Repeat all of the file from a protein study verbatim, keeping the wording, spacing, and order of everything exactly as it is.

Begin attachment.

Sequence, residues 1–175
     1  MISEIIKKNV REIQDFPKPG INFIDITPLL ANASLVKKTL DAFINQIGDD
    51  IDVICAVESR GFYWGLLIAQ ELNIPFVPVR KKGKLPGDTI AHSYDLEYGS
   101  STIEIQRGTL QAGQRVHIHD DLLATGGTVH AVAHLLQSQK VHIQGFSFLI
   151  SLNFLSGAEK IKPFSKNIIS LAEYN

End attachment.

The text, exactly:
Sequence, residues 1–175
     1  MISEIIKKNV REIQDFPKPG INFIDITPLL ANASLVKKTL DAFINQIGDD
    51  IDVICAVESR GFYWGLLIAQ ELNIPFVPVR KKGKLPGDTI AHSYDLEYGS
   101  STIEIQRGTL QAGQRVHIHD DLLATGGTVH AVAHLLQSQK VHIQGFSFLI
   151  SLNFLSGAEK IKPFSKNIIS LAEYN